Communication Skills for Lawyers
Coaching has become more than a sports term in the past few years. Many business executives, lawyers, and even housewives now have personal coaches. Coaches support their clients in achieving goals. Many of the skills of coaching are also applicable to law practice. Below are some communication tips from the coaching profession that apply to law:
1. The first rule of listening is to be present. That means you are actually there with the other person. You’re not mentally going over your to-do list while they’re talking. When you are really listening, you imagine what it might be like to live in their world. You allow the other person to share. You pay attention. You get the big picture. You don’t allow distractions. You listen to the other person rather than that ‘little voice’ in your head that is chattering away at you. You show some compassion.
2. Know yourself. Be aware of your own listening style. Each of us has our own preconceived notions and judgments. We listen through filters and we often resort to a certain style of listening. The more we take responsibility to become aware of our own filters and styles, the better able we are to put these filters and patterns aside and truly listen to others.
3. Listen to what they say and what they don’t say. Sometimes what is not said is much more important than what is said. Is the other person upset? Angry? Hurt? What is the emotion behind the words? Is she ashamed to tell you something? What details is she leaving out? Is he embarrassed to tell part of the story? Does the other person feel betrayed? What is the commitment behind the betrayal? Has some standard been violated?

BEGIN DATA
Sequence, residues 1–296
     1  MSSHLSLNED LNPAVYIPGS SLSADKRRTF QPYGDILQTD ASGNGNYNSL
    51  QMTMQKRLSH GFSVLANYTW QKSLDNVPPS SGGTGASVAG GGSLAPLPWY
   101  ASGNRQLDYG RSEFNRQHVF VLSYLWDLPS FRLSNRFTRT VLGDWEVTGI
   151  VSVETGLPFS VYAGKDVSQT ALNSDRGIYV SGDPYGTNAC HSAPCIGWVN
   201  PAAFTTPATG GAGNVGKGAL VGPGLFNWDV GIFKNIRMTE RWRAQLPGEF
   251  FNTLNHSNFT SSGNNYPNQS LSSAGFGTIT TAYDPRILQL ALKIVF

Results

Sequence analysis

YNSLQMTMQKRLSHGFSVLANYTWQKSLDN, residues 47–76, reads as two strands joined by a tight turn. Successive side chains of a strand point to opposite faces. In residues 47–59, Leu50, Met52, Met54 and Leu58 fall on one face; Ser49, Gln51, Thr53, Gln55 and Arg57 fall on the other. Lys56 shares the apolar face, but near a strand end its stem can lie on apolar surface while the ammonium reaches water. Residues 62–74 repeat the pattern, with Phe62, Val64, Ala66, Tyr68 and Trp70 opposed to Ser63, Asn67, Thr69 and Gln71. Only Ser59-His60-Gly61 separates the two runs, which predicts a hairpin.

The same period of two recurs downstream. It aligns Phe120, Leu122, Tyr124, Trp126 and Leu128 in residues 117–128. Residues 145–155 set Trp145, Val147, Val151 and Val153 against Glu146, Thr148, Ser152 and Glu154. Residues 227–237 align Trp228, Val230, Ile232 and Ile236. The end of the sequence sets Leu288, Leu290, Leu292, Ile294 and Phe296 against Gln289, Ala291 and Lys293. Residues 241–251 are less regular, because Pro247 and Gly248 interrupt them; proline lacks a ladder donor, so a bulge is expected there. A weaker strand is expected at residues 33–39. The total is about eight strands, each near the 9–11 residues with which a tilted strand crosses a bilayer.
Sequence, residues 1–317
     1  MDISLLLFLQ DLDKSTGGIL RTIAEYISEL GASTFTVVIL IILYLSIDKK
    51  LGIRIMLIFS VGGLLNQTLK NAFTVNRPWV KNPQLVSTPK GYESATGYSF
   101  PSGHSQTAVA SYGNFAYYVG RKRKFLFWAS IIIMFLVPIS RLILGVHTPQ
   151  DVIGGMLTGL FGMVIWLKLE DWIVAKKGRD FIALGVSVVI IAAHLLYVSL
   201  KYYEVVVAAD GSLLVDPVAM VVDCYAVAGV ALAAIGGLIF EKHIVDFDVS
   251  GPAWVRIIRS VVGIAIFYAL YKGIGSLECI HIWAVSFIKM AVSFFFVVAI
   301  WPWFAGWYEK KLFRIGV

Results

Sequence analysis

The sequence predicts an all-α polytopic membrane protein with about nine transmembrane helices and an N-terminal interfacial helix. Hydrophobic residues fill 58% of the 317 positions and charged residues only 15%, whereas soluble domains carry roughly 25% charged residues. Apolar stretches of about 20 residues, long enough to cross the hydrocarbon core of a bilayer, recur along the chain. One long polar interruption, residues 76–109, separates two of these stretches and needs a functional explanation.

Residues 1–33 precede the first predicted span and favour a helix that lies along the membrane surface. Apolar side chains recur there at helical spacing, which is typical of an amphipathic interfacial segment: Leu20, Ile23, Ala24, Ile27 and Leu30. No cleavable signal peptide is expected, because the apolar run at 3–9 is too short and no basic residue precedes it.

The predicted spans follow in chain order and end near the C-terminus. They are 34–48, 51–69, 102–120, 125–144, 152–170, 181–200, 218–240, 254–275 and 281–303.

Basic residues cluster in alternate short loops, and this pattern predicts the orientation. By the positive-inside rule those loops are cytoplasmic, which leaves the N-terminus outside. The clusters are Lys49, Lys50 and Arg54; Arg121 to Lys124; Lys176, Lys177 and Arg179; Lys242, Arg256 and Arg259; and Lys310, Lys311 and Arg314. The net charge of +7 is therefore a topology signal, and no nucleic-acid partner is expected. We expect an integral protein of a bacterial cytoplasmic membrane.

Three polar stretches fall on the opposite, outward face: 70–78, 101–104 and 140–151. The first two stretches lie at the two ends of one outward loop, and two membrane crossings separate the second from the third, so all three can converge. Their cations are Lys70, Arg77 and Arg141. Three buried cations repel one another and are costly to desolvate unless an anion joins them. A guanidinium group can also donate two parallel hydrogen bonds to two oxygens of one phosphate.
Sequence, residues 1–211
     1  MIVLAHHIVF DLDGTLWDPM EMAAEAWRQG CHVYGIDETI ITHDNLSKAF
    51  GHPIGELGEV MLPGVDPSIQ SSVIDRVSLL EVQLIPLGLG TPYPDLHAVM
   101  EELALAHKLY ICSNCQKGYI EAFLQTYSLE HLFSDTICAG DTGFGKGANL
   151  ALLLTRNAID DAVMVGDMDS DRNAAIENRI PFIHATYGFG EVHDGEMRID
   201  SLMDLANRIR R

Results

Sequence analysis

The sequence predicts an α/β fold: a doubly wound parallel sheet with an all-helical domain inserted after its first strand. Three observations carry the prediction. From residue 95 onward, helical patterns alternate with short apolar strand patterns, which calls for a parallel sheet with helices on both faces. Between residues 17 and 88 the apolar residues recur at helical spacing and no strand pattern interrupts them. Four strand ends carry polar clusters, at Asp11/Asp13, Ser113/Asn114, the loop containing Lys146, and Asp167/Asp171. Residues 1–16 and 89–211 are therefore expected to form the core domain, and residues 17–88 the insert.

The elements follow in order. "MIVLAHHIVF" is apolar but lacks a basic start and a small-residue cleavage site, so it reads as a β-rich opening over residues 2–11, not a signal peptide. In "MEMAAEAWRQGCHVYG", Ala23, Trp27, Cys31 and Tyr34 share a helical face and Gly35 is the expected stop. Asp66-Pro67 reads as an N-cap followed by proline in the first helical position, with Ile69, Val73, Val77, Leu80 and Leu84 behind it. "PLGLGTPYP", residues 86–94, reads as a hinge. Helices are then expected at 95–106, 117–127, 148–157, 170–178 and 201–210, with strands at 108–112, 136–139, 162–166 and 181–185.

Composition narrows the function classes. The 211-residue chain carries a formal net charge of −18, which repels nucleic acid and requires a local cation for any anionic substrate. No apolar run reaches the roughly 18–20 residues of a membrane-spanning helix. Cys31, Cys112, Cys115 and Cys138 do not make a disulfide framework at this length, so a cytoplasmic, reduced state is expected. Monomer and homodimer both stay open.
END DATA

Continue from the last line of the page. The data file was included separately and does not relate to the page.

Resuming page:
4. Learn to listen to your own intuition. Everyone has intuition. The question is not whether you have intuition, but whether you choose to develop your intuition and integrate it into your professional and personal life. Integrating this intuition into the way that you listen to clients also trains you for more satisfying relationships with spouses, partners, family, etc. When you truly listen to someone, you can “hear” much more than the words that are spoken. [Caution! It is easy to confuse your own judgments or notions with intuition. Ask yourself if you are really clear to listen to the other person and to your intuition or if you are merely listening to the judgments of your own ‘little voice’.]
5. Create the environment for listening. In the office, it is often a good idea to meet clients in a conference room or other neutral place where the distractions on your desk do not claim your attention. Close the door, turn off phones, sit quietly and put all your attention on the client. Make sure others know that you are not to be interrupted except in case of a real emergency. Of course, not all listening is done in the office. There are many ways to create safe and calm environments for creating the focus for listening. When talking on the phone, it may be useful to try closing your eyes and concentrating on listening (rather than playing a computer game). In a public place, it may be useful to step aside, look directly into the person’s eyes, if appropriate you may even touch him or her on the arm to make connection.